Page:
Budget Web Design Tools - GIMP
One of the most expensive items in any web professional’s arsenal, apart from a computer and Dreamweaver – which we’re assuming you’ve got, else why would you be here? – is an image editor. Photoshop by Adobe comes at over $700, because it can do everything and more – but for many of us, that’s overkill, as Photoshop was really meant for print designers. PaintShop Pro by Jasc comes in at around $80 and is good enough for the simple tasks.
But there’s an option that’s claimed to be as powerful as Photoshop, designed specifically for web use, that costs nothing at all. It is The GIMP. DMXzone's Bruce Lawson puts on his deerstalker hat and rubber mask to investigate..
Don't let the GIMP whip you!
When you start up, the program can be bewildering. The first thing that you'll notice is the lack of a workspace or even any menus! You just get this start screen (called the Toolbox) with pretty conventional and self-explanatory icons. Any boxes that pop up can be freely moved around the screen; they're not tied like many other Windows applications; I'm guessing that's because this was ported from Windows from Linux where (for all I know) the UI is different.
After that brief moment of surprise, I began to enjoy the flexibility of this interface. For example, after opening or creating a new document, any menu option is available on rightclicking the mouse. This is a great feature, in my opinion; in Photoshop, I reckon I do most of the damage leading to carpal tunnel syndrome by mousing over to the menus all the time (I'm too stupid to remember all the keyboard shortcuts). The most commonly used options are available on the main Toolbox (shown below). Clicking any of these activates the tool; double-clicking activates the dialogue box that controls the settings for the tool.
On start-up, all you see is the Toolbox.
For example, I used GIMP to grab the screenshot above. Clicking on the File menu offers the option "acquire" and you can acquire from screenshot (specifying a certain number of seconds delay if you wish, so you can go and start another program up). If you want just a shot of one window rather than the whole screen), you can drag a crosshair into the window you want the shot of. That's a timesaver; to take screenshots from articles, usually I have to hit "Print Screen", start-up Photoshop and then crop the window I want and save.
After taking a screenshot, GIMP then spawns a new window with your image. Clicking on the right mouse brings up all the menu options. Let's get a different image, and use the menu to crop the image.
Here, I've opened up an image of my daughter (scanned in from a poster from school) then right-clicked to get the crop tool. You can see how the menus cascade:
Right clicking on any image allows access to all menus, with sub-menus cascading.
The crop tool is very precise, although the selecting gridlines work a little differently from Photoshop:
Using the GIMP crop tool.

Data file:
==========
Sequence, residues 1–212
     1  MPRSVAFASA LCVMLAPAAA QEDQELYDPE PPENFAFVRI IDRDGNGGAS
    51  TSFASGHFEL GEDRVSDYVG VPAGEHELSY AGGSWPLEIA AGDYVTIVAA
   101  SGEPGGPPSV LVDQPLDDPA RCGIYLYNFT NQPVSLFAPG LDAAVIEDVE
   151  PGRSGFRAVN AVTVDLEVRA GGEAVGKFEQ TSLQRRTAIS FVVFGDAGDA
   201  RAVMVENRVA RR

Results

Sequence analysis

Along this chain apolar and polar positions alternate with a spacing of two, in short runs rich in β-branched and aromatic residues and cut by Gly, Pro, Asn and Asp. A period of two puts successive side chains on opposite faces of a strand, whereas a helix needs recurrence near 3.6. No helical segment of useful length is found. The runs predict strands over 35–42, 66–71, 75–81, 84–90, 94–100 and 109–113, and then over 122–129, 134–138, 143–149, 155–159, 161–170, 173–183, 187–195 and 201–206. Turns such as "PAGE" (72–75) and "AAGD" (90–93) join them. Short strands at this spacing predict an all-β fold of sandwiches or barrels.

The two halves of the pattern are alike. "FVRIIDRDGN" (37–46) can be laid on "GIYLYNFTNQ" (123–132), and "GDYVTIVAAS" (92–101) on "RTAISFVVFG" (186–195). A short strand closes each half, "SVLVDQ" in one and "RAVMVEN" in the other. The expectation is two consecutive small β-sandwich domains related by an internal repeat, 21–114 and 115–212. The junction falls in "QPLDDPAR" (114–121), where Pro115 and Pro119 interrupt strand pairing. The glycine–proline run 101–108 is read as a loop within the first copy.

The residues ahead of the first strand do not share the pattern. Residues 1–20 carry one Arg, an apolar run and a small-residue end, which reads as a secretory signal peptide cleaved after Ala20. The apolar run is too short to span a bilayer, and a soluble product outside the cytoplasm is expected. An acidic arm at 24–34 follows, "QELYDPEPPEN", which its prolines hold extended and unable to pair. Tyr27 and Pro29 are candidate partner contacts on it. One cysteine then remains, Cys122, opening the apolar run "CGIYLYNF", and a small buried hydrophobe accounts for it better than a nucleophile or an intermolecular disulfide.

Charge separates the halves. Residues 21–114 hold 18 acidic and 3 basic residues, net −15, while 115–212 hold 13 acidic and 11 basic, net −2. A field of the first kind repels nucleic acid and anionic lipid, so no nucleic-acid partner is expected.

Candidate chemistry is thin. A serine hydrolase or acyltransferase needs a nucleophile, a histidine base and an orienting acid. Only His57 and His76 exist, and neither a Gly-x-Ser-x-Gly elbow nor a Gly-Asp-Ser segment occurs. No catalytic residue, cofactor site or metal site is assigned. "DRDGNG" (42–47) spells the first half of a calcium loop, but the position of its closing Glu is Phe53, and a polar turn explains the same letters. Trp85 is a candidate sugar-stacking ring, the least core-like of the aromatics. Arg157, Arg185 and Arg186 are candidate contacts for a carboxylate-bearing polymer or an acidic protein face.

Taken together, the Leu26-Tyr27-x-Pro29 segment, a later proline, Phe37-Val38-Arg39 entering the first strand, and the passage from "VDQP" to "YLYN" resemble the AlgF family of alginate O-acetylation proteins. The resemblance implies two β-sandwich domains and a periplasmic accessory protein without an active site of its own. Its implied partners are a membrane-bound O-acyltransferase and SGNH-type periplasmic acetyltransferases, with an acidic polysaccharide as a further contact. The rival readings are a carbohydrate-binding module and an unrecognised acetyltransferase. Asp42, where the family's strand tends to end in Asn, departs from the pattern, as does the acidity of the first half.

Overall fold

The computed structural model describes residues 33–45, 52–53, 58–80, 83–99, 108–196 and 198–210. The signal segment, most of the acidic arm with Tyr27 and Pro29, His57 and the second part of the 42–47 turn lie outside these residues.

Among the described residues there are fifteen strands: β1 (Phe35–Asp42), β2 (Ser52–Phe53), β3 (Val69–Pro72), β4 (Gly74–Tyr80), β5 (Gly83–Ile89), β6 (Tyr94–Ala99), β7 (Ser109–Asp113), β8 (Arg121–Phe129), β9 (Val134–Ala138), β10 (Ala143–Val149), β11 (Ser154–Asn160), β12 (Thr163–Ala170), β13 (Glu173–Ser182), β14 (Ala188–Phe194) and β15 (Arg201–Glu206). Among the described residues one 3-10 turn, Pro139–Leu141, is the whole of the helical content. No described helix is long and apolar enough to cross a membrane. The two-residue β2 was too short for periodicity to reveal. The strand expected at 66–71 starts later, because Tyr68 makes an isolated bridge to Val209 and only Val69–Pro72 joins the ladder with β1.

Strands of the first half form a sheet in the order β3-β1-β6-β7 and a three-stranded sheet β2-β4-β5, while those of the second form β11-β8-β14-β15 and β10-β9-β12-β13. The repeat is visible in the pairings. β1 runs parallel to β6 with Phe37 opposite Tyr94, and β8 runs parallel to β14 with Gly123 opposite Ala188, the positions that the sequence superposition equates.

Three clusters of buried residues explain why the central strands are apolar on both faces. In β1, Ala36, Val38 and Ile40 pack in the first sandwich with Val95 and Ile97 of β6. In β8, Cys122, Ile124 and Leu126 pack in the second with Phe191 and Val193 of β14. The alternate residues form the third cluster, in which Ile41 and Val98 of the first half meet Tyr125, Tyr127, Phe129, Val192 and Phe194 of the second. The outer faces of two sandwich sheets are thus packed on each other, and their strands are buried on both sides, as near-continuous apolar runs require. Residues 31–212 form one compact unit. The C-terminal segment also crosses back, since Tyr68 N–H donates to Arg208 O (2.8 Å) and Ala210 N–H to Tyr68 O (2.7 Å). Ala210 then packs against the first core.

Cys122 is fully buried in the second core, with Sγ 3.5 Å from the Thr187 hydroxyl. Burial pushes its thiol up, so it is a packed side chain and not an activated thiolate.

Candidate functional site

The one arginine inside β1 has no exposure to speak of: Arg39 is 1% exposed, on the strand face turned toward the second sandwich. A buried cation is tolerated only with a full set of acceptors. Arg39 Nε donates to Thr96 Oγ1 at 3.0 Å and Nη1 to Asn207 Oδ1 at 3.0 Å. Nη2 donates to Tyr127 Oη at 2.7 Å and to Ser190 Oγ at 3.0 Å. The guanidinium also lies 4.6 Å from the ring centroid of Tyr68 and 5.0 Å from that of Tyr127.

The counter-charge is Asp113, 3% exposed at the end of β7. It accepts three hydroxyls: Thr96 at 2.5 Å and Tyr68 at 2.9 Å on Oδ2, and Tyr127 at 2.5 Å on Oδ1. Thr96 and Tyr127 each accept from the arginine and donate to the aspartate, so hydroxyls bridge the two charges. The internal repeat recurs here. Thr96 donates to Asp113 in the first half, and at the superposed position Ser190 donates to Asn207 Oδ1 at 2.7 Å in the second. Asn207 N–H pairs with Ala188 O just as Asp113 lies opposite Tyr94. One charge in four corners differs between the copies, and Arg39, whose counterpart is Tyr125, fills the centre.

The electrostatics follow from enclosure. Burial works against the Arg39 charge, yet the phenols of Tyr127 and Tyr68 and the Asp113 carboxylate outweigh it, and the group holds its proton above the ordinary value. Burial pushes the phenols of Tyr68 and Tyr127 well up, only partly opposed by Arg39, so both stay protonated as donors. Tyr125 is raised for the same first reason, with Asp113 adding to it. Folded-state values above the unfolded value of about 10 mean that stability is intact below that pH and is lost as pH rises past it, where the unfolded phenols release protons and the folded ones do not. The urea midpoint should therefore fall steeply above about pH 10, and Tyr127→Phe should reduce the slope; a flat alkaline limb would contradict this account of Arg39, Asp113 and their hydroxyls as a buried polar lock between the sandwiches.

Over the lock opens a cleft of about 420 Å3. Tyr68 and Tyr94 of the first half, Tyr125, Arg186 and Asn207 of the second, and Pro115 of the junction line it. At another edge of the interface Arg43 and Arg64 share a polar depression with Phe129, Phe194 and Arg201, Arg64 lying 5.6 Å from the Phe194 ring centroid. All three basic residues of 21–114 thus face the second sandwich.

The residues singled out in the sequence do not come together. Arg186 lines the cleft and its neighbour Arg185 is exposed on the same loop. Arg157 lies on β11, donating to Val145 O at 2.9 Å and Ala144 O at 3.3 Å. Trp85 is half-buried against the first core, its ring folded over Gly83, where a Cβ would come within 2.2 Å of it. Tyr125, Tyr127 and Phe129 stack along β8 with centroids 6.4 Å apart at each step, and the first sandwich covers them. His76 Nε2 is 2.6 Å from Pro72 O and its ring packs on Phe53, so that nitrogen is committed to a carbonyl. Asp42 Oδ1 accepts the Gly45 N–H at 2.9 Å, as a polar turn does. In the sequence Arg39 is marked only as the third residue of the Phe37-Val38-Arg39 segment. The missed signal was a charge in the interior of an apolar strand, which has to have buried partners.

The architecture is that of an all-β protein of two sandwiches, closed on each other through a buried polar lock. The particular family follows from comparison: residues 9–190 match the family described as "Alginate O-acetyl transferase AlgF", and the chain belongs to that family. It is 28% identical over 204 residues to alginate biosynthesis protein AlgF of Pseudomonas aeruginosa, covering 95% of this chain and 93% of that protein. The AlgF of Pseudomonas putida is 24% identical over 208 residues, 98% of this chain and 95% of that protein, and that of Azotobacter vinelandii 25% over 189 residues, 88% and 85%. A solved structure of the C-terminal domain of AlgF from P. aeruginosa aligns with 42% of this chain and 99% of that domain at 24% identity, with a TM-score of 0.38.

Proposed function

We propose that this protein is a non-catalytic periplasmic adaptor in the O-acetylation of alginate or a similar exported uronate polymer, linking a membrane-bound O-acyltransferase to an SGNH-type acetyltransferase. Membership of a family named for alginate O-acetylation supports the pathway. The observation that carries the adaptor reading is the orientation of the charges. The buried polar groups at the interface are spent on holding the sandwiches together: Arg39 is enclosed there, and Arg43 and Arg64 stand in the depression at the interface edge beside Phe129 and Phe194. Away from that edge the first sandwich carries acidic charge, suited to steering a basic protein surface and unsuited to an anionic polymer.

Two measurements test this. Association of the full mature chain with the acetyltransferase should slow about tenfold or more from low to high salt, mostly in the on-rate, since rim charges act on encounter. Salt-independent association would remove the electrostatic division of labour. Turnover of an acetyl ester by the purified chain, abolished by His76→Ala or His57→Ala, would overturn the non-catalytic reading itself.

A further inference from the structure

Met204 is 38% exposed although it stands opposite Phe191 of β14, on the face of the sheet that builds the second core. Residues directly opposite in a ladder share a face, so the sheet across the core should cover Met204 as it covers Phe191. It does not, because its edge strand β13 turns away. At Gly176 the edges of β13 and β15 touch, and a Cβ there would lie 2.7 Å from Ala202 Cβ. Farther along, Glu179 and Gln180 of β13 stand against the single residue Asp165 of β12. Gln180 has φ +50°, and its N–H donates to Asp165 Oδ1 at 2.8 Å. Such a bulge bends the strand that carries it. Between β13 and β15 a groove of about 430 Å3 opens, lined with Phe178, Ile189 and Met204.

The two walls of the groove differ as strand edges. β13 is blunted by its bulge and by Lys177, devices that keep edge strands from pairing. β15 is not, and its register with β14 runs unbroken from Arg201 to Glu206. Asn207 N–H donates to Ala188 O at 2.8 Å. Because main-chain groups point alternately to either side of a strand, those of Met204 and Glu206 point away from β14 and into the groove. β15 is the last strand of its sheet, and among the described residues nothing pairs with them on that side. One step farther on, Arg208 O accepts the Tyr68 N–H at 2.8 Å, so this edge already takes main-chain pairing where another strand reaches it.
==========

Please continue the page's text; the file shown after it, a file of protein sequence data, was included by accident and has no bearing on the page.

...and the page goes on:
Hitting the Crop button results in the cropped image, which can be saved as usual.
Other cropping and Selection Tools
All the other cropping and selection tools worked as you'd imagine, and very well. I found the Intelligent Scissors tool to be incredibly frustrating. It's a similar tool to the Photoshop Magnetic Lasso Tool, which makes a pretty clever attempt at following the outlines of a complex shape that you're trying to draw around. It does a great job of following the outline (by looking around and seeing areas of similar colour). However, all the other select tools allow you to draw your outline and then click inside the selection to allow you to save the selection into a different channel, delete it or remove it. After a couple of exasperating hours of trial and error and consulting the otherwise excellent manual, I was no closer to working out how to cut my daughter out of the classroom environment above and drop her neatly into a photo of Teletubbieland for her birthday card. It was back to Photoshop for that one. Cleverer minds than mine will have to work out how to do that (if you manage it, please put me out of my misery by letting me know in words of one syllable).
Filters and Image Processing
As with Photoshop, the GIMP has options for amending the colour, brightness and contrast of an image, including useful auto-balancing functions from Image > Colour. These all auto-preview as you adjust the sliders and are wholly intuitive to use. I tried the auto-corrects on a series of images, and even on bad snapshots they did a good job; as in Photoshop, often it was far easier to allow the auto-balance functions to get most of the way there and then fine-tune the end results by hand than to do it all completely by scratch,
The filters (right-click, filters) are impressive, and grouped well. In the 'enhance' menu, I found that the unsharp mask works particularly well. There's some fun effects available in the highly-customisable (some might think, over-customisable) dialogue box for the GIMPressionist for instant birthday cards etc.
The end-result of these filters is as professional as those in Photoshop, but Photoshop allows much better previewing facilities, including showing a series of thumbnails of how your image can look with varying amounts of colours and saturation, for example. The GIMP doesn't appear to offer this; often it's trial and error, with liberal application of the 'undo' option from the edit menu.